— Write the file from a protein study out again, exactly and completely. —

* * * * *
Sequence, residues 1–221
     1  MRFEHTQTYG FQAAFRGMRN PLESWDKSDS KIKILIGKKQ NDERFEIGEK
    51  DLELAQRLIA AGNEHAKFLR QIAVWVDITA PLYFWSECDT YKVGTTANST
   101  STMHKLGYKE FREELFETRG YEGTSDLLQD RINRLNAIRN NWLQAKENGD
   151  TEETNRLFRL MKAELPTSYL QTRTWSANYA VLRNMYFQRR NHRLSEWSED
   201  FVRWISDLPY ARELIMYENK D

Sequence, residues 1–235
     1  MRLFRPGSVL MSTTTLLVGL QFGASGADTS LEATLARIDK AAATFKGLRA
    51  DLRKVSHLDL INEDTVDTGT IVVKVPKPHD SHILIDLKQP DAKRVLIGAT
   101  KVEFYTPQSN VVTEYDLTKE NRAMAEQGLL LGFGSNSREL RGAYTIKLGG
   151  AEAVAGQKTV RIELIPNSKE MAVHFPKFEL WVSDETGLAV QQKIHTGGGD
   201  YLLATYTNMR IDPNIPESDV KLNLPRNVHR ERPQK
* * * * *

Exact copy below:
Sequence, residues 1–221
     1  MRFEHTQTYG FQAAFRGMRN PLESWDKSDS KIKILIGKKQ NDERFEIGEK
    51  DLELAQRLIA AGNEHAKFLR QIAVWVDITA PLYFWSECDT YKVGTTANST
   101  STMHKLGYKE FREELFETRG YEGTSDLLQD RINRLNAIRN NWLQAKENGD
   151  TEETNRLFRL MKAELPTSYL QTRTWSANYA VLRNMYFQRR NHRLSEWSED
   201  FVRWISDLPY ARELIMYENK D

Sequence, residues 1–235
     1  MRLFRPGSVL MSTTTLLVGL QFGASGADTS LEATLARIDK AAATFKGLRA
    51  DLRKVSHLDL INEDTVDTGT IVVKVPKPHD SHILIDLKQP DAKRVLIGAT
   101  KVEFYTPQSN VVTEYDLTKE NRAMAEQGLL LGFGSNSREL RGAYTIKLGG
   151  AEAVAGQKTV RIELIPNSKE MAVHFPKFEL WVSDETGLAV QQKIHTGGGD
   201  YLLATYTNMR IDPNIPESDV KLNLPRNVHR ERPQK